We can linger a bit on this complex panorama, counting and locating the various waterfalls around us, measuring their height, and listening to when they land on water or stone.

Not only the light, but this complex world of sounds also warns us of the gradual closing of the space around us: we are descending into the gorge, perceiving the rock walls rising, and probably hearing the voices of other visitors coming from below, further along the path.

We continue, following the walkway and first descending some steps and then a ramp to decrease altitude. Humidity begins to penetrate and adheres to the skin, no longer receiving direct light. We gradually enter the rock, now feeling it above us like a low vault. If we are alone, let's pay attention to the steps: there are two more once we finish the railing!

We find ourselves again in a structure of human origin, signaled, as before, by some sandstone pillars that - almost like the climbing arches of a cathedral - support the large space, crossing it diagonally. This time, however, we are surrounded by water, and moisture is pervasive in the environment, altering the space around us.

Just descended the stairs, we turn left, being careful not to take a steep and rocky uphill ramp, but instead following a slight slope downwards on the right, close to the rock. We will reach the marl wall indicating the end of the excavations, which now, streaked by water, appears soft and luminescent, like mollusk skin: it is hard and wet to the touch but also soft and undulating in smooth forms.

Here, we cannot proceed, and we must turn back; therefore, we go back up, keeping the cave wall on our left, following it with our hands at face height to avoid hitting it, as it lowers a bit! Here, we are uphill, so we can be guided by the air that penetrates and, on some days of the year, also by the sun on the skin. We pass the point where we arrived with the walkway and start descending again with great caution. It's not just the uneven ground, complete with a step, that takes away our balance: the upper layer of the marl soil is wet and very slippery as the water dissolves the very fine sand it is composed of.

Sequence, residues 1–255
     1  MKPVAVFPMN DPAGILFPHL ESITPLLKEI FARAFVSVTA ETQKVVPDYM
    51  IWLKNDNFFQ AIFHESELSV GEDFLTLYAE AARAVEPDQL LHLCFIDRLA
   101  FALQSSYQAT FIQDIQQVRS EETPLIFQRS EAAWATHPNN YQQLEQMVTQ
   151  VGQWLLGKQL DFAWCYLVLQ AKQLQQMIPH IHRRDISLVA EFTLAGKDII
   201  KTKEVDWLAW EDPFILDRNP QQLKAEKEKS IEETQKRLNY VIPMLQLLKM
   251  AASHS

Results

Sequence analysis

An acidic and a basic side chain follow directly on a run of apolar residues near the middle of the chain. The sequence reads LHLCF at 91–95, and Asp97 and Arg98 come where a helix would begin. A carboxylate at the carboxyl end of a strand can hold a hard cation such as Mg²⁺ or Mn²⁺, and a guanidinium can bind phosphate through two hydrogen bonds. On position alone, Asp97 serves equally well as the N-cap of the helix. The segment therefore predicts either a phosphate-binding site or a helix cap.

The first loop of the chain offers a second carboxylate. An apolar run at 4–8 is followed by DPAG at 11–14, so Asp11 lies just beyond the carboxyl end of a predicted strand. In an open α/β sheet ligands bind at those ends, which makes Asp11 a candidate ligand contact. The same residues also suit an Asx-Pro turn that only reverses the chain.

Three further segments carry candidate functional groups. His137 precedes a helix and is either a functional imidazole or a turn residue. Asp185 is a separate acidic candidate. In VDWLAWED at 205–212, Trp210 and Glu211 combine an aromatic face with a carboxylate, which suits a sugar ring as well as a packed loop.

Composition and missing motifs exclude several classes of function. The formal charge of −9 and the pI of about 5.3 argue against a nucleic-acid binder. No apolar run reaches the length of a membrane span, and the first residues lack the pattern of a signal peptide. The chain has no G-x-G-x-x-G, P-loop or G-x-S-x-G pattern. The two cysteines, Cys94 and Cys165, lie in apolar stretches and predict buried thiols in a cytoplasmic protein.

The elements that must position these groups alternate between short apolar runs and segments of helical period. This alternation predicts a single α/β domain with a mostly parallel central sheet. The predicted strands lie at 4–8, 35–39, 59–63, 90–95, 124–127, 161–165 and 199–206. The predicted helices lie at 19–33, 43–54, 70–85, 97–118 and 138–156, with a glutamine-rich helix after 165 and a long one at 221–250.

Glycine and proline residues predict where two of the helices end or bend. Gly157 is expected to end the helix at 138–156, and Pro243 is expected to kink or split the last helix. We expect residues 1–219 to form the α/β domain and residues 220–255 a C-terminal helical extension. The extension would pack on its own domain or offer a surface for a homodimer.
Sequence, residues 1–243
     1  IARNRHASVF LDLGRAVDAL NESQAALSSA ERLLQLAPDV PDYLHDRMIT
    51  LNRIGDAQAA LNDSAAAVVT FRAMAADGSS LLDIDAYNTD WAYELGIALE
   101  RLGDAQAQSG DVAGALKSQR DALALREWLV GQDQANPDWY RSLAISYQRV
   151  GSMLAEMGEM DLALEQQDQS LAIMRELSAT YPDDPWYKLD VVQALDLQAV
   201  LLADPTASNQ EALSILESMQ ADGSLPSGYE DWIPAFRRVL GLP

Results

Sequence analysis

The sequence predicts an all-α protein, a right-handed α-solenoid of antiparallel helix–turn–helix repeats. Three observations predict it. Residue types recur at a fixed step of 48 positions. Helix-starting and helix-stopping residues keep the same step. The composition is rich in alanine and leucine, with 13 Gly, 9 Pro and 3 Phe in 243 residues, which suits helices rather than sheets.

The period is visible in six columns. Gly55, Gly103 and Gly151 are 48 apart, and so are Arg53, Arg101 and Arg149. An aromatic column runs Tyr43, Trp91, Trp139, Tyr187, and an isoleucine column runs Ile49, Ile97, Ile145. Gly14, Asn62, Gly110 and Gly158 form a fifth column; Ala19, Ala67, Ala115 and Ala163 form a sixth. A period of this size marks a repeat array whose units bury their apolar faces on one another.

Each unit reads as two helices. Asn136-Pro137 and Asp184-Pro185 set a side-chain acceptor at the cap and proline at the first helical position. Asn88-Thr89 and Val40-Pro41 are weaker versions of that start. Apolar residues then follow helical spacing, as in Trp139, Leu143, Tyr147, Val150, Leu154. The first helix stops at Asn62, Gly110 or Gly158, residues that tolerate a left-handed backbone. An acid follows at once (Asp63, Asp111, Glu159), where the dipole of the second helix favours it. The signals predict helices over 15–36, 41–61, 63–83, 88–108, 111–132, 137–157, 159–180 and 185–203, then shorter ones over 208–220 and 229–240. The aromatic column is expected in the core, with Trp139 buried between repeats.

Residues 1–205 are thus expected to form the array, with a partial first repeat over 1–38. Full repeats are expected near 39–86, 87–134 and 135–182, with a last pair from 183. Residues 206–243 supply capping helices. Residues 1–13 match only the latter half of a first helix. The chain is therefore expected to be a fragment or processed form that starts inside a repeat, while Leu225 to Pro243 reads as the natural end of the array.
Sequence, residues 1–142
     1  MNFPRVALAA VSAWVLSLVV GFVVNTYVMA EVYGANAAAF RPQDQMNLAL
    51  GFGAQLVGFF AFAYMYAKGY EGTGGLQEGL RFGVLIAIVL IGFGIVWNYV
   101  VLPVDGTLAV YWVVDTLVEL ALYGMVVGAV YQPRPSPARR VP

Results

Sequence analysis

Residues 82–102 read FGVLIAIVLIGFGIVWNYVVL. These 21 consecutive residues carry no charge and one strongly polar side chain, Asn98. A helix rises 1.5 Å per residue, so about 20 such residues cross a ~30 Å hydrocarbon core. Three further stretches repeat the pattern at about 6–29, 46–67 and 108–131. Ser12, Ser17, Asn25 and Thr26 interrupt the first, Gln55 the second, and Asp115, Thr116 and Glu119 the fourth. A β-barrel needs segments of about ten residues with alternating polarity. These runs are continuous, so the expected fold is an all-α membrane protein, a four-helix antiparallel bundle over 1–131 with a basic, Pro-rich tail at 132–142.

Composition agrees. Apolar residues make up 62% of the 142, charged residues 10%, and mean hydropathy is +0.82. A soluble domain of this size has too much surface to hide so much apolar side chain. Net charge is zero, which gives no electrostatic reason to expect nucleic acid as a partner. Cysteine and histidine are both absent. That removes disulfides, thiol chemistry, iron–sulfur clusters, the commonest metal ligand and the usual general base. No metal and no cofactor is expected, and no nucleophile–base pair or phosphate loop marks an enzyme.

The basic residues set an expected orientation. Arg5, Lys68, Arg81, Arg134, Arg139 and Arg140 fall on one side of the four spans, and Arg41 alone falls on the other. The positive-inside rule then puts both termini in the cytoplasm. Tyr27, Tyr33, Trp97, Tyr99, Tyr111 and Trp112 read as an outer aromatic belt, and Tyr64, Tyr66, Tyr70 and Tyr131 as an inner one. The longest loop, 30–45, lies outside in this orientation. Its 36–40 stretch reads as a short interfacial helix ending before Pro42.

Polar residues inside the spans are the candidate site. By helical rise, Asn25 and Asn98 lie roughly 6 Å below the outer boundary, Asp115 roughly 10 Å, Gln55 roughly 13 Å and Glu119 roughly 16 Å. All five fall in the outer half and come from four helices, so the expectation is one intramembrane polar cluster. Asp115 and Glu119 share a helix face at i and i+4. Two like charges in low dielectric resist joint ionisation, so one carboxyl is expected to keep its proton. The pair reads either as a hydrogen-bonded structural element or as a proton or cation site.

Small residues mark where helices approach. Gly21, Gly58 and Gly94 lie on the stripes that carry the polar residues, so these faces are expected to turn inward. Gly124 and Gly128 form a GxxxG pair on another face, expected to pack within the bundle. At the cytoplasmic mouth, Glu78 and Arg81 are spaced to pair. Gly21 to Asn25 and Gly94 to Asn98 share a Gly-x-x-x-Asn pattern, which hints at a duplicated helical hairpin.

We are now almost at the bottom of the gorge, and the stone gives way to shy vegetation. If we touch the cave vault on our left, just before the descent ends, we feel small cold and smooth protrusions, covered by a thin layer of moss: these are the marks left by the pickaxes of the excavations that, many years later, begin to take on the shapes of nature.


We continue to descend, and after a few steps, we reach a wooden pier that turns to the left at a right angle; right here, in the corner, there is a little balcony to which we can lean and hear the intense noise of the waterfall right in front of us.

We proceed along the pier, which descends, first to the right and then to the left, crossing the stream; here we are on a pool with waterfalls on both sides, not only enveloping us with their sound but also significantly lowering the temperature. Continuing to descend, we find a narrow passage with a large smooth and polished rock wall to our right, from which water drips in several places... It seems to be raining! At this point of the path, the wooden pier is always wet; therefore, we walk carefully to avoid slipping.